Random Forest Model Helps Predict Pulmonary Hypertension for Systemic Sclerosis Patients

June 9, 2022
Kenny Walter

Kenny Walter is an editor with HCPLive. Prior to joining MJH Life Sciences in 2019, he worked as a digital reporter covering nanotechnology, life sciences, material science and more with R&D Magazine. He graduated with a degree in journalism from Temple University in 2008 and began his career as a local reporter for a chain of weekly newspapers based on the Jersey shore. When not working, he enjoys going to the beach and enjoying the shore in the summer and watching North Carolina Tar Heel basketball in the winter.

Currently many more patients undergo right heart catheterization than is necessary for diagnosing pulmonary hypertension in patients with systemic sclerosis.

Utilizing a multimodal prediction model could help avoid unnecessary procedures in diagnosing pulmonary hypertension in patients with systemic sclerosis (SSc).

A team, led by Justin K. Lui, MD, MS, The Pulmonary Center, Boston University School of Medicine, examined the accuracy of 3 different models in forecastings pulmonary hypertension in this patient population.

Current Practices

To diagnose pulmonary hypertension in systemic sclerosis, there needs to be an invasive right heart catheterization (RHC), which is often based on an elevated estimated pulmonary artery systolic pression on screening echocardiography.

However, because of poor specificity of echocardiography, there are a lot more patients who undergo unnecessary RHC, which exposes them to potentially avoidable complication risks.

That is where the value of improved prediction models for pulmonary hypertension in SSc shows.

The Study

In the retrospective study, the investigators examined 130 patients with SSc, 50.8% (n = 66) of which were diagnosed with pulmonary hypertension by RHC.

The team used pulmonary function testing, electrocardiography, echocardiography, and computed tomography data to identify and compare the performance characteristics of 3 models for predicting the presence of pulmonary hypertension—random forest, classification and resgression tree, and logistic regression.

Overall, the best performing model was the random forest with an area under the curve of 0.92 (95% CI, 0.83-1.00), sensitivity of 0.95 (95% CI, 0.75-1.00), and specificity of 0.80 (95% CI, 0.56-0.94).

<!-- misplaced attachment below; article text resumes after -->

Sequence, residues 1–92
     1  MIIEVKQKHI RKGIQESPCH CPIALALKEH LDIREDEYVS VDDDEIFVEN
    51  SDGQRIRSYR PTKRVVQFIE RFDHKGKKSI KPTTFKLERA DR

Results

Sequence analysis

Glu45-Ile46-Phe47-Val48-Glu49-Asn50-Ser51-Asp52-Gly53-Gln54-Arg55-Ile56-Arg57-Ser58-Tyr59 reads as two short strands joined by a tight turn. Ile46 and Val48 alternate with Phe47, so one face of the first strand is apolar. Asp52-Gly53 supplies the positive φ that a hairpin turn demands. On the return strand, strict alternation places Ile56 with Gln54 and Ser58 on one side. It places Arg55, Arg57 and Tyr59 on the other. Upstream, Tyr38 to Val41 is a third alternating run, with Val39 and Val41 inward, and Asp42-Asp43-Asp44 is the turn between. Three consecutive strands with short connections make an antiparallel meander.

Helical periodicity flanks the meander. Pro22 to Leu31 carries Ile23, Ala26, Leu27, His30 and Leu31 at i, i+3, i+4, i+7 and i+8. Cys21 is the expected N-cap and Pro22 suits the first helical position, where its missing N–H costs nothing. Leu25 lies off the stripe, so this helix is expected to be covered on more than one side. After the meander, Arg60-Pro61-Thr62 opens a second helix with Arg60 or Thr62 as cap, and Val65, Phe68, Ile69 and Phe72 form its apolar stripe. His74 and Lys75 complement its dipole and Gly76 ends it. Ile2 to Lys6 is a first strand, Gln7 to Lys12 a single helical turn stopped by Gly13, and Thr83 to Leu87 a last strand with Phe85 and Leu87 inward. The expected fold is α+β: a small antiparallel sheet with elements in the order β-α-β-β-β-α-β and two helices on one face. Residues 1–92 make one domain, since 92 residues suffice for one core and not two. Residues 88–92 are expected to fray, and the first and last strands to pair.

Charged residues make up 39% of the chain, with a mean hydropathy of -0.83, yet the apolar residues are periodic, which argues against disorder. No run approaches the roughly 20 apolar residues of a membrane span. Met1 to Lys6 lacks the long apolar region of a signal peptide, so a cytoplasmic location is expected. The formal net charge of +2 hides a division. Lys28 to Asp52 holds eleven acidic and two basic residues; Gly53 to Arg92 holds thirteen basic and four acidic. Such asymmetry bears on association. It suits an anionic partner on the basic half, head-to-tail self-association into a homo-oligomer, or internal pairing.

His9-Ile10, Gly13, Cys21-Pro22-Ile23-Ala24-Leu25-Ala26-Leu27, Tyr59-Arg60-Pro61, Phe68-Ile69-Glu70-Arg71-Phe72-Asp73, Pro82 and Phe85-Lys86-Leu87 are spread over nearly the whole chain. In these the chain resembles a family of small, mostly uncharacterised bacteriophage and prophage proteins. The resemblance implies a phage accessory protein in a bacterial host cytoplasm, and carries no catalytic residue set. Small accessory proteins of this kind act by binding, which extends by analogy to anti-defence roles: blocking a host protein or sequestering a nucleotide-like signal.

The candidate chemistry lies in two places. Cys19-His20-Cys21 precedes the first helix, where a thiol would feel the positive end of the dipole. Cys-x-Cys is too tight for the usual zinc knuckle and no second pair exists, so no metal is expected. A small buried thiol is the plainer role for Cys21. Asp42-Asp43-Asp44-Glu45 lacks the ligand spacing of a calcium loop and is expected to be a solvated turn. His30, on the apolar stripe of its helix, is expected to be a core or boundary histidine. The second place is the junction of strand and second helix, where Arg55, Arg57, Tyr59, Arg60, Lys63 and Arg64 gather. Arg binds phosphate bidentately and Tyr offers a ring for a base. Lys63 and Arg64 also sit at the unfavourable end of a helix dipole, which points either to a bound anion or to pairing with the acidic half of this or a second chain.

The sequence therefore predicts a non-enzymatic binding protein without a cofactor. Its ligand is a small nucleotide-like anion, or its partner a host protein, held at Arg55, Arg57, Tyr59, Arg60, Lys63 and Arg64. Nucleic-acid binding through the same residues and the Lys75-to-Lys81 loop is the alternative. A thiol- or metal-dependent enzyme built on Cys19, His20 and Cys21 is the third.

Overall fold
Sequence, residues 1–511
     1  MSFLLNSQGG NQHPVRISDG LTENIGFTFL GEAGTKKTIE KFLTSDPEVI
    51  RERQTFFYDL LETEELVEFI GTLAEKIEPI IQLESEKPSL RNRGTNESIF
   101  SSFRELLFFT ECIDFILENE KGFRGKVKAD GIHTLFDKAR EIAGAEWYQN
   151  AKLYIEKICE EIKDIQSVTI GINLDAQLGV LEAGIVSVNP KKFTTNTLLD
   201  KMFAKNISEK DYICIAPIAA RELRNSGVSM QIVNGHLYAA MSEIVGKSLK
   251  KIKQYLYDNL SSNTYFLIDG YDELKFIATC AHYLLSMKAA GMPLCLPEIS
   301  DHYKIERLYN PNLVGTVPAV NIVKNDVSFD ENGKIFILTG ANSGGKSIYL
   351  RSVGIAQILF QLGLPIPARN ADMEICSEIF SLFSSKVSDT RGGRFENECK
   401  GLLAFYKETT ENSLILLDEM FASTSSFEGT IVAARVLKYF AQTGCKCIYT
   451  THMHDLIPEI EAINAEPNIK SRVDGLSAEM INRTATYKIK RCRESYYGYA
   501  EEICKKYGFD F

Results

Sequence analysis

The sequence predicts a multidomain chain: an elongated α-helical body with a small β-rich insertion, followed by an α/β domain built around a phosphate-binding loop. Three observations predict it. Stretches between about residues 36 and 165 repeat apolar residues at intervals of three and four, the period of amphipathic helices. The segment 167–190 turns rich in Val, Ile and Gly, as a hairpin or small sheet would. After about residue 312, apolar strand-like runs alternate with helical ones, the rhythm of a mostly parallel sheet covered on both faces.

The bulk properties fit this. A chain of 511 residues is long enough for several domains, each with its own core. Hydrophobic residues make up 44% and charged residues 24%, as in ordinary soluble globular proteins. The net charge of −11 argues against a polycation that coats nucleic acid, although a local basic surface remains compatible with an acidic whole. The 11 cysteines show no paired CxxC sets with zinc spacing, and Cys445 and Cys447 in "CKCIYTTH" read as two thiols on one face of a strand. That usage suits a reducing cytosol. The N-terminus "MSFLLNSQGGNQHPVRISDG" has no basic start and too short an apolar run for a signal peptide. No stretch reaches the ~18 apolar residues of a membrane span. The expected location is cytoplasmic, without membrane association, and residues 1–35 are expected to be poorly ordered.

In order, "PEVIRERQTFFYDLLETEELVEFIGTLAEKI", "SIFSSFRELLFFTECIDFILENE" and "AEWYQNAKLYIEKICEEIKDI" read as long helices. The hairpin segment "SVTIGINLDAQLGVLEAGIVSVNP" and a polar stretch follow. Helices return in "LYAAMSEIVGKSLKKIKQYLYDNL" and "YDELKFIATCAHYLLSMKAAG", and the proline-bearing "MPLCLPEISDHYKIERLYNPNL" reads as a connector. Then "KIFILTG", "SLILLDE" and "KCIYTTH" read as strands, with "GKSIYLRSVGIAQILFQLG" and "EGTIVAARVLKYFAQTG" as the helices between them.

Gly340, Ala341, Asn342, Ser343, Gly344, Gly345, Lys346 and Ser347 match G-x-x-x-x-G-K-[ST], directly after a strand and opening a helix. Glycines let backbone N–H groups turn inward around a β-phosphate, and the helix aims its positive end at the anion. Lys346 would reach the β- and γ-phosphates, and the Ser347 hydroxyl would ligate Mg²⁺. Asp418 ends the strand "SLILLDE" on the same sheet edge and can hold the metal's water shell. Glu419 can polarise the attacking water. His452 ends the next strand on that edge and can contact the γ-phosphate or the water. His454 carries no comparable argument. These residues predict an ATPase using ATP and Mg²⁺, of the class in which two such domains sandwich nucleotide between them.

The investigators also found the 2 most important variables in the random forest model were pulmonary artery diameter on chest computed tomography and diffusing capacity for carbon monoxide on pulmonary function testing.

“In patients with SSc, a random forest model can aid in the detection of PH with high sensitivity and specificity, and may allow for better patient selection for RHC, thereby minimizing patient risk,” the authors wrote.

An Algorithm for Pulmonary Arterial Hypertension

A new claims-based, machine-learning algorithm model has been shown to be effective in identifying patients with pulmonary arterial hypertension (PAH). This model was responsible for correctly identifying 73% of patients with PAH 6 months prior to a confirmed diagnosis.

Though early diagnosis and treatment initiation for PAH have always been the objective, PAH symptoms are non-specific, which has resulted in many patients experiencing delays (an average of 2 or more years) in symptom onset and a confirmed diagnosis.

The machine-learning model analyzed data from the US-based Optum Clinformatics database from January 2015 to December 2019.

A total of 1724 patients were in the PAH cohort while the control group has 5352 patients. Mean age was similar (69 and 70 years old), and roughly two-thirds of patients were female and White.

Bettencourt and colleagues observed that the model was able to distinguish between patients with PAH and controls at 6 months prior to diagnosis, with a threshold of 0.43.

Additionally, the model was capable of accurately identifying 73% of the patients with PAH, and the precision of the model was 50%.

The study, “A Multimodal Prediction Model for Diagnosing Pulmonary Hypertension in Systemic Sclerosis,” was published online in Arthritis Care & Research.


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